Last Monday’s address by the President at the National Academies goosed many in the scientific community – in a positive sense. It’s been true that many scientists expressed optimism at having someone in the White House who supported science, not paying heed to the significant financial support enjoyed by research agencies over the post-World War II period. That President Obama took the rare step of addressing the Academies while in office was taken as additional evidence that he would be such a President.
A closer look at the transcript of the address suggests that it is not the clean break from the past as some might think, but a continuation or expansion of efforts begun during the last Administration. For instance, the promises to make the research and experimentation tax credit permanent, as well as doubling the budgets of the NSF, National Institute of Standards and Technology, and the Deparmtent of Energy’s Office of Science, are all part of the American Competitiveness Initiative, introduced by President Bush in his 2006 State of the Union Address. The doubling of these budgets started after the passage of the America COMPETES Act, so the only new part of this promise is the tax credit. Even the creation of ARPA-E reflects part of the COMPETES Act. These are good policies, just not new policies, and not anything unique to the current President.
However, there are several new policy goals that could influence future science and technology policy. The promises to reduce emissions and the establishment of significant investment in energy technologies could lead to the Department of Energy becoming a bigger player in U.S. R&D policy, perhaps coming to par with the current top dogs, the NSF and NIH. The promise to triple NSF graduate fellowships will help create several future underemployed postdocs (where is it written that the scientists and engineers we need have to have Ph.Ds?) Roger has written about the three percent goal, and I’ve nattered on about the scientific integrity memo – the item where President Obama hangs his inaugural promise to “restore science to its rightful place.” That framing appears to narrow the scope of a rightful place to considerations of how governments should use scientific knowledge. The President also pushed states to partner with the federal government to increase participation in the STEM fields (science, technology, engineering and mathematics).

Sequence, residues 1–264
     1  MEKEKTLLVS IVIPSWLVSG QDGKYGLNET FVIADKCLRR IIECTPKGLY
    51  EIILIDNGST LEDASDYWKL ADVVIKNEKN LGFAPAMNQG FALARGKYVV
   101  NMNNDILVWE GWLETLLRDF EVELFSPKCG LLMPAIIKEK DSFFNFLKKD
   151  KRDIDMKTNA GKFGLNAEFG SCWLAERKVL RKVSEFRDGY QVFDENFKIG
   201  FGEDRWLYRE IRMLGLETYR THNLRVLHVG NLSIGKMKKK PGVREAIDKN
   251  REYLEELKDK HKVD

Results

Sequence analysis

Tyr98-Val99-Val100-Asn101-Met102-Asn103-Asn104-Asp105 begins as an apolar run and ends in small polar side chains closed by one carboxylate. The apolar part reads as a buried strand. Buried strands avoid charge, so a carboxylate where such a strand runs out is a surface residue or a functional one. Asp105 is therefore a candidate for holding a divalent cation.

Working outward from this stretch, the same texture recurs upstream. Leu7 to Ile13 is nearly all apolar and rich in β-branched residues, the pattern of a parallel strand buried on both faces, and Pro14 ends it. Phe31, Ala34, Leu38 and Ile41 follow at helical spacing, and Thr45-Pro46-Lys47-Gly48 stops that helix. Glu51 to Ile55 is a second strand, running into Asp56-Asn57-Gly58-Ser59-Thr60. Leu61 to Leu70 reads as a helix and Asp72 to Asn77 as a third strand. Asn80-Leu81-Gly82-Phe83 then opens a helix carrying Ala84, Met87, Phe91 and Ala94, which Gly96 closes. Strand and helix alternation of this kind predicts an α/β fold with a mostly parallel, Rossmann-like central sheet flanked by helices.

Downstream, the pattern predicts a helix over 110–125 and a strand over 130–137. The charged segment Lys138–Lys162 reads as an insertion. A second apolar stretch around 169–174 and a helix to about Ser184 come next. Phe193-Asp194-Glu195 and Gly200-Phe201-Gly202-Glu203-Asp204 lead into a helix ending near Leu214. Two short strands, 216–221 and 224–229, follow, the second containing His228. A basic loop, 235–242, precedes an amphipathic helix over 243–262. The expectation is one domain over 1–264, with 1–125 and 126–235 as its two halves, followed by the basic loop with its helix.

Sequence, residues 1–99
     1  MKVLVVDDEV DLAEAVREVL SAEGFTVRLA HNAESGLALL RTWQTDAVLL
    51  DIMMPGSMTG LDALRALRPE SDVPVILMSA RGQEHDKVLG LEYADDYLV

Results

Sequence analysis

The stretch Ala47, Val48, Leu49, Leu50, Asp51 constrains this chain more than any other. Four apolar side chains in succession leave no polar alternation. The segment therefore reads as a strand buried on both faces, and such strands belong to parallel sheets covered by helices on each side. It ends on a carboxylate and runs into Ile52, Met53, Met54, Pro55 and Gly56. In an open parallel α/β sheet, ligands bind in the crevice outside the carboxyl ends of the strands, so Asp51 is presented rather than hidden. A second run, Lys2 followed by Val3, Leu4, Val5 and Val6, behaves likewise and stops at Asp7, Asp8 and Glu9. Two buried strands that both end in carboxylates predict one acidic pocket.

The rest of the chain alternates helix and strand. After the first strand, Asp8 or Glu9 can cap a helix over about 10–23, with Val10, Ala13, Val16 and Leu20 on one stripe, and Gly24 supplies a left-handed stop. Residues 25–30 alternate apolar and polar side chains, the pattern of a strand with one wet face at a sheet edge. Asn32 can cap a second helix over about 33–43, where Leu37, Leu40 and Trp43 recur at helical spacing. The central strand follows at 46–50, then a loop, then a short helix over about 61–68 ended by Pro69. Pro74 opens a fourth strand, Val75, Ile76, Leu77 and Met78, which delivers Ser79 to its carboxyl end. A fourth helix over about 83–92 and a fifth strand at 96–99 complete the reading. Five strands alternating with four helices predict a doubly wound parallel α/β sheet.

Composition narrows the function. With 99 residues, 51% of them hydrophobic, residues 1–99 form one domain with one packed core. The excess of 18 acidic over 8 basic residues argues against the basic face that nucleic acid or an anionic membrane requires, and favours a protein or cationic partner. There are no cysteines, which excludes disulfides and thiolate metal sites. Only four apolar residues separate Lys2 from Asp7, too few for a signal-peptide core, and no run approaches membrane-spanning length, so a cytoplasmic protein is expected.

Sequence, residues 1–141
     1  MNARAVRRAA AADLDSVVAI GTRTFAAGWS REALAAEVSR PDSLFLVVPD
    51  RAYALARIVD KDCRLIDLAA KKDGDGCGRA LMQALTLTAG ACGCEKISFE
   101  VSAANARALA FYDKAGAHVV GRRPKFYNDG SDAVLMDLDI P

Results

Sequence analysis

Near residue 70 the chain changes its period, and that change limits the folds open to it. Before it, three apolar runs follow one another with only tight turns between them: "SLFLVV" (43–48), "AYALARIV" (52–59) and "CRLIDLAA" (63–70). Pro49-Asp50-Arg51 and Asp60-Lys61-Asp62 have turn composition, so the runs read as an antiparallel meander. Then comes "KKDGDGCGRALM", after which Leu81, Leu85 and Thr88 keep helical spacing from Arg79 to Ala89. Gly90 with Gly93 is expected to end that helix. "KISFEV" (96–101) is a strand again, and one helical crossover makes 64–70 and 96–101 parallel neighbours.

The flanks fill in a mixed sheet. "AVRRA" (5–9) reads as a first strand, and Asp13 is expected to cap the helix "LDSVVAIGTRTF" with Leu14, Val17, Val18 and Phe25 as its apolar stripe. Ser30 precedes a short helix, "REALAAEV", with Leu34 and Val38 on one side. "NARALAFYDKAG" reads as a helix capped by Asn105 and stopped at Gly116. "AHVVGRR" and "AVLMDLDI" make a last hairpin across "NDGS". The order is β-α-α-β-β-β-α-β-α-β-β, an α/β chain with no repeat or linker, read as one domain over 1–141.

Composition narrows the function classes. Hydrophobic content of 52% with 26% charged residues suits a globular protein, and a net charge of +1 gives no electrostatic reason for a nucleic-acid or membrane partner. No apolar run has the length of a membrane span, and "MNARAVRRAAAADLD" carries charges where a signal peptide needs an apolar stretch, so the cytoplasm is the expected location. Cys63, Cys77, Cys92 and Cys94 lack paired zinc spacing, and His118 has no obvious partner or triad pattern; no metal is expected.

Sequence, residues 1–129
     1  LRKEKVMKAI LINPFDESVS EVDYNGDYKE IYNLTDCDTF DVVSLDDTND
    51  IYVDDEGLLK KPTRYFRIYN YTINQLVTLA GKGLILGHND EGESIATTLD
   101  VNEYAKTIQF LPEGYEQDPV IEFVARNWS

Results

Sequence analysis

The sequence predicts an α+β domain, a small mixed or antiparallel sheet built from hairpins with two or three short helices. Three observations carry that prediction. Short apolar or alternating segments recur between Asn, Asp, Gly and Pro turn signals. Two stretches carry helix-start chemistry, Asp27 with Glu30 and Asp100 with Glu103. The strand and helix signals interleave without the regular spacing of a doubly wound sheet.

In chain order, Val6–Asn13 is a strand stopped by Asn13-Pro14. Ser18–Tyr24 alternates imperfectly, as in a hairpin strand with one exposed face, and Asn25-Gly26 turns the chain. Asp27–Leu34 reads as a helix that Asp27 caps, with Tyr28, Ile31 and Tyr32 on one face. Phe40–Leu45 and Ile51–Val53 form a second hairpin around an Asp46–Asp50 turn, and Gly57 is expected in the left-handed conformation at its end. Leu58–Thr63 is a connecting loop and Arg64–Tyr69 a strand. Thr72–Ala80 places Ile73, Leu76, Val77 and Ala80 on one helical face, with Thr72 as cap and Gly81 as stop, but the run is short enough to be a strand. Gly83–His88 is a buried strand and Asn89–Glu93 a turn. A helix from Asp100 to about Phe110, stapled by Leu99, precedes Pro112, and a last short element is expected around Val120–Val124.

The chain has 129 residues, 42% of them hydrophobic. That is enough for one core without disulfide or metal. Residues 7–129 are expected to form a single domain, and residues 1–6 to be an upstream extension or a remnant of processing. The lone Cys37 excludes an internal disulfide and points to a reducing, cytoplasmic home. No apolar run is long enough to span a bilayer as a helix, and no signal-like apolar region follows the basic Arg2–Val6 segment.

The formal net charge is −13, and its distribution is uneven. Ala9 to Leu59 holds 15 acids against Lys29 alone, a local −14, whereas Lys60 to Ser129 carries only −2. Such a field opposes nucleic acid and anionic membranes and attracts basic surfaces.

This post is not meant as cold water on the administration, but an engine fan meant to prevent people from overheating from all the style points the current Administration is making with scientists. The ‘rightful place’ of the inauguration will likely be a lot closer to the status quo ante where some things are concerned, and the continuation of post-war trends in others. In other words, the contrast in styles with the previous administration has overhyped recent changes. Those seeking something dramatically different in federal science policy need to push harder.